Biochemistry and Molecular Biology - Coursework Example

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Title: Biochemistry and Molecular Biology Introduction: The concepts of biochemistry and molecular biology are slightly different yet related to each other. While molecular biology is determined on an understanding of the molecular activities within a living organism, the study of biochemistry focuses on the findings obtained as a result of the molecular biology thus enhancing the knowledge on the different molecular and cellular processes within the living organism (Wilson & Walker, 2010, p.1)…
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Biochemistry and Molecular Biology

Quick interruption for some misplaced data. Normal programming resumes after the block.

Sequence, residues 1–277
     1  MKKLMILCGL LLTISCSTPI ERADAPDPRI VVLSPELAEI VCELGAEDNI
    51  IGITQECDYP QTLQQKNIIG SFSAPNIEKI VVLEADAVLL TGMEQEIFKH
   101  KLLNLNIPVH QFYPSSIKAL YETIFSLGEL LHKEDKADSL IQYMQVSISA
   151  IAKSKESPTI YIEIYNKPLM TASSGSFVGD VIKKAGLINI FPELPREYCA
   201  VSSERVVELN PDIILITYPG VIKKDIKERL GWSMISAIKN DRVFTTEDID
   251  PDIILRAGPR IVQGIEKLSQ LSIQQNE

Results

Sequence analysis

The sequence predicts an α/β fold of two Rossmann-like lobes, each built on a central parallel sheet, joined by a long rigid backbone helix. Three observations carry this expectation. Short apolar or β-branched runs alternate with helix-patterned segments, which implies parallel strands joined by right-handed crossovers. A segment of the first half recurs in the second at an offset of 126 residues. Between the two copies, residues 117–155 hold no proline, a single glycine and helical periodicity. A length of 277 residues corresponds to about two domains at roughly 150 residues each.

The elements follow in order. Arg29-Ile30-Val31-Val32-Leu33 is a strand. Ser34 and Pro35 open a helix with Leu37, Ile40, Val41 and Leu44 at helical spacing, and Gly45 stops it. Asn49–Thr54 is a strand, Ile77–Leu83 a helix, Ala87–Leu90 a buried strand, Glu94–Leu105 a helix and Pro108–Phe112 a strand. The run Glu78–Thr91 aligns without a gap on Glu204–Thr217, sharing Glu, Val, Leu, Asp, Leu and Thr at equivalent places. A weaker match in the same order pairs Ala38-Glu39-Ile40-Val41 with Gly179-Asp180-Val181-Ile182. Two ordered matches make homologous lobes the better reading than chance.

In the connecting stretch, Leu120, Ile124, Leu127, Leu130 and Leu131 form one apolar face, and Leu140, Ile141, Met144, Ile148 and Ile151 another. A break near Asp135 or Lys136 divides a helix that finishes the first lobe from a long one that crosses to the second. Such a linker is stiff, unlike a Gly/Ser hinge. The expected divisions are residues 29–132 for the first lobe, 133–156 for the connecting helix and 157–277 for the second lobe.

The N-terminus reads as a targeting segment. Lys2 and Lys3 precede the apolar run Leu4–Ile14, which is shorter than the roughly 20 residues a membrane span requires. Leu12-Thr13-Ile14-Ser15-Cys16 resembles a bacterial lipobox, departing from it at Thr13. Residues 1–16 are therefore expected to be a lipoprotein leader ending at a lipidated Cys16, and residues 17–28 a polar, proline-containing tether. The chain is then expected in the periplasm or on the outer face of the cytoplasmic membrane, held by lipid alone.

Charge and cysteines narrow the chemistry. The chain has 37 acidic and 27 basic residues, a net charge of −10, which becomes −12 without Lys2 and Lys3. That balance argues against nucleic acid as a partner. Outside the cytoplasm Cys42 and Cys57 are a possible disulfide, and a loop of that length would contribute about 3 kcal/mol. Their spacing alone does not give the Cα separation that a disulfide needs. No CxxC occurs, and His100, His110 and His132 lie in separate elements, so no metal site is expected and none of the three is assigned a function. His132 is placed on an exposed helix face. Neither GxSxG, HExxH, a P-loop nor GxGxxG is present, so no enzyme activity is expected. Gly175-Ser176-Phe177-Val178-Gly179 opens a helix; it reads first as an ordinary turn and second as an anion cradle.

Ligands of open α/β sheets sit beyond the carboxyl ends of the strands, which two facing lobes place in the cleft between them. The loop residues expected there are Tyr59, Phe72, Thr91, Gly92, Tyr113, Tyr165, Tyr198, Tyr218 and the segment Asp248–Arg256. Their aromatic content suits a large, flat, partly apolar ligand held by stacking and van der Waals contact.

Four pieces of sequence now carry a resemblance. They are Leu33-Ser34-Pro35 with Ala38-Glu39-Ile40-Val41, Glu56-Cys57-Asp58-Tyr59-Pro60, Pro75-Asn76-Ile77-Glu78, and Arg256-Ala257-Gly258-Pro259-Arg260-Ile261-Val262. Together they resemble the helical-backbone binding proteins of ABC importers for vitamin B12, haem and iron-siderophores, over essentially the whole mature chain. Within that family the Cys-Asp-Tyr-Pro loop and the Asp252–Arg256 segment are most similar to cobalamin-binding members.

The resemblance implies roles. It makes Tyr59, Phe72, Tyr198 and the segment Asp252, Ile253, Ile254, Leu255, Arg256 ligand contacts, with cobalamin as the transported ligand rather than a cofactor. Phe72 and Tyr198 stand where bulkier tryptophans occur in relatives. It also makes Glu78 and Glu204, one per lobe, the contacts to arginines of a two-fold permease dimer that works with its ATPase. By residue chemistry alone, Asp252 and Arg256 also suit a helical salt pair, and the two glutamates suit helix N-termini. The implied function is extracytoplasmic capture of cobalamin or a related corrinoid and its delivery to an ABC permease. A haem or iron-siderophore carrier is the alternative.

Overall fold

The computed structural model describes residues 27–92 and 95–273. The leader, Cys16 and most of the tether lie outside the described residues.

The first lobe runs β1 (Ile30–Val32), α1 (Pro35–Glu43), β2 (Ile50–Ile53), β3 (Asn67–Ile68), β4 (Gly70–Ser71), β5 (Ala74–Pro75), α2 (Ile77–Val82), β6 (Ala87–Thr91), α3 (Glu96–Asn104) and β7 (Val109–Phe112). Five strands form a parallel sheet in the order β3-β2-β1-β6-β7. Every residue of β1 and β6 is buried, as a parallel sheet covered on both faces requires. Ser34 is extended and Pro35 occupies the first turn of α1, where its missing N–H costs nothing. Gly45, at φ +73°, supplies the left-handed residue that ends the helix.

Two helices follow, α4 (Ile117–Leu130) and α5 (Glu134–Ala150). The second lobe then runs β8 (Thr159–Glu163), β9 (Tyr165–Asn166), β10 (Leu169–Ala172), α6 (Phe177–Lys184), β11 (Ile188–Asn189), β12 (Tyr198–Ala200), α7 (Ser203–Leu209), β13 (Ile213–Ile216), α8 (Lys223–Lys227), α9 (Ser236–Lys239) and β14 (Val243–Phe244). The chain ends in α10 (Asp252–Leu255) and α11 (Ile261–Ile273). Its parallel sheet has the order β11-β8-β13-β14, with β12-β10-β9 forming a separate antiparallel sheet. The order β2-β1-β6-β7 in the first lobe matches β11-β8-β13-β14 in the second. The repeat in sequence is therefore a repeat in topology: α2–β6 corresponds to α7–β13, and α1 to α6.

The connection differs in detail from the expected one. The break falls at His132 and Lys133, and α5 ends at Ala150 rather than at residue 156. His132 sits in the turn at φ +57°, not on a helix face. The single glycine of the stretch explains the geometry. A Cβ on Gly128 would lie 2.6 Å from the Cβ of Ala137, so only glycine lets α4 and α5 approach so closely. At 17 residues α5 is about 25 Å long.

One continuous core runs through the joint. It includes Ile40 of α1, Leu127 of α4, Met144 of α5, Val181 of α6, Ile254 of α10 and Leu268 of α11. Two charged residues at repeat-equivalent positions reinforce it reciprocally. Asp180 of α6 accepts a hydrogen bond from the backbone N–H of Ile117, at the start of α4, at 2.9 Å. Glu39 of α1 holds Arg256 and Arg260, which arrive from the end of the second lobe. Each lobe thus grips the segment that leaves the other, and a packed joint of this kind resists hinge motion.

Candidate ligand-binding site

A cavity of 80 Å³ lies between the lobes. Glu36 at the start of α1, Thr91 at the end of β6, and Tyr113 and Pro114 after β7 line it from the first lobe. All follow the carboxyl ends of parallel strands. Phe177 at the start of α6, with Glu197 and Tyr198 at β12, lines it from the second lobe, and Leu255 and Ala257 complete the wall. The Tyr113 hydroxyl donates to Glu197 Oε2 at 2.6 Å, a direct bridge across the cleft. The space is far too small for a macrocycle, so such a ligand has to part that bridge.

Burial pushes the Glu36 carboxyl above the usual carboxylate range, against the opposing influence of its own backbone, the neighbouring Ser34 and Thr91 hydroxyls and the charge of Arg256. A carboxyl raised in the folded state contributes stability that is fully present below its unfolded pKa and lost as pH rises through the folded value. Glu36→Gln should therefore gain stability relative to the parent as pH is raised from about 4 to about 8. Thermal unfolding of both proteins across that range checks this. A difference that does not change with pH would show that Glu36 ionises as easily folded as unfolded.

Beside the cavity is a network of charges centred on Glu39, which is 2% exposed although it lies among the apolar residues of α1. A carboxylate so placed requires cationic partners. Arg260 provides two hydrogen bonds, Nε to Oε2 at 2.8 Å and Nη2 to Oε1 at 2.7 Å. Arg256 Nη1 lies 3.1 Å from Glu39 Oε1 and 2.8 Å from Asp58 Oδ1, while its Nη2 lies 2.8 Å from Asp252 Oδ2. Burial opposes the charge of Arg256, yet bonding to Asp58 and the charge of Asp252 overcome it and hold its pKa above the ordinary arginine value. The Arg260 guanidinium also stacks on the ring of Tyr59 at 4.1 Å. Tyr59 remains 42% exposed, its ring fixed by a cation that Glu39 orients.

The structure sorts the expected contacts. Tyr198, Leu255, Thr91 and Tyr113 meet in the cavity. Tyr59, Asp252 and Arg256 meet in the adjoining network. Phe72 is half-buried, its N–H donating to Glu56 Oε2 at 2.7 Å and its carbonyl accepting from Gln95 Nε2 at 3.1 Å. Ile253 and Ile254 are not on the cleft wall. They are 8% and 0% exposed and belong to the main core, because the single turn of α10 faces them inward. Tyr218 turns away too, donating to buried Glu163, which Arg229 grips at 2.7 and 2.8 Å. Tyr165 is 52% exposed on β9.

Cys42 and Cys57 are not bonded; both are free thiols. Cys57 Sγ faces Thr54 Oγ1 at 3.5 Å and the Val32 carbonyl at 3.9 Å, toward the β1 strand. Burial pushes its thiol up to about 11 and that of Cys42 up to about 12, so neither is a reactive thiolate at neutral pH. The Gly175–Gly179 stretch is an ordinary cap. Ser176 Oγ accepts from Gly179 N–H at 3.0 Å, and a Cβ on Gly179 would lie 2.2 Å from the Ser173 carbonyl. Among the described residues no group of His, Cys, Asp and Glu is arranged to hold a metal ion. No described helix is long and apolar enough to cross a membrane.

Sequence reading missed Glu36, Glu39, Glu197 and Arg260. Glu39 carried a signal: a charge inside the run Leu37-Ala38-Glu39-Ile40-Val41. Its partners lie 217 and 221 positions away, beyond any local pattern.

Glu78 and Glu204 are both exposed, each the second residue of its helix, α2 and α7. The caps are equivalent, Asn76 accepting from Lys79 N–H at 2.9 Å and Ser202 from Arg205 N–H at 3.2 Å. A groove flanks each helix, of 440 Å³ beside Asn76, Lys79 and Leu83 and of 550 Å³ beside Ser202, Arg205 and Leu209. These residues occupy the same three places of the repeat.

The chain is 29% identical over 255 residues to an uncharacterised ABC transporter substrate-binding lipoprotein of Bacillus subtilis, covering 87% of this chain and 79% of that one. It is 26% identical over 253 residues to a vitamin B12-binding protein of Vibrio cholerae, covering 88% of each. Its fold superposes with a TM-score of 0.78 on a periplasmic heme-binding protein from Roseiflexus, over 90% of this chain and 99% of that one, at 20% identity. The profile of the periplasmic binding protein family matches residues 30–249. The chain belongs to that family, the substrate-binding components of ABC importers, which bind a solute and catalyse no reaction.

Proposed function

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Download file to see previous pages Water has been obtained as the primary constituent of all living organisms. Be it plants or animals, the water has its role in the process of metabolism. It is required in the process of photosynthesis where light energy is utilized splitting the water molecule such that the hydrogen gets separated and the oxygen is released in the air. Many substances in the body are hydrolyzed by water as well. For example, it is capable of breaking amino acids bonds in proteins and peptide linkages of monosaccharide in polysaccharides. Diffusion of several materials is also obtained through the component of water (Saint, 2004). Water helps in the transport of different substances within the body since it easily dissolves other materials and thus acts as a good solvent. This function of the water also enables the removal of waste products like ammonia and urea from the body. Water being capable of diluting such waste products enables their recycling process in the Nitrogen cycle. Since water is viscous in nature it also acts a good lubricant and form different lubricating fluids in the body that include mucus, synovial fluid, pleural fluid and pericardial fluid having different functions in the body. Apart from all these functions, water also acts as a supporting medium for several organisms since it is not easily condensed. Overall in the biological systems, water has miscellaneous functions that include maintaining body temperature, as well as dispersal in the process of reproduction (Saint, 2004). 2. Structure of Carbohydrates: Monosaccharide, Disaccharide, and Polysaccharide: Carbohydrates are formed as a result of the combinations of carbon and water molecules. In general the carbohydrates may be represented through the formula (CH2O)n. Here C represents the carbon molecules and H2O represents the water molecules, n being the number of atoms of this combination of molecules. However, in some cases carbohydrates might also contain greater numbers of sulphur or nitrogen molecules. If the molecular structure of the carbohydrates is studied, carbons are found to form chains or rings with hydroxyl groups two or more in number along with an aldehyde or a ketone group. There is a carbonyl group at the terminal end of an aldehyde that gets bonded to hydrogen molecule or carbon. A ketone is different from an aldehyde and represents a carbonyl group bonded in between two carbon molecules (Talaro & Park, 2007, p.42). Different configurations are obtained of the carbohydrates. Monosaccharide refers to one of the forms of carbohydrates that represent a simple polyhydroxy aldehyde or molecule of ketone that contain 3 to 7 molecules of carbon. The structure of a disaccharide varies from a monosaccharide in that a disaccharide is formed from two monosaccharides in combination. When five or more monosaccharides combine to form a carbohydrate, then that structure represents a polysaccharide. The monosaccharides and disaccharides are represented by prefix- ose at the end of the name. The name however depends on the number of carbons in the structure. For example, pentose has 5 carbons in it, hexose is composed of 6 carbons, and so on (Talaro & ...Download file to see next pagesRead More
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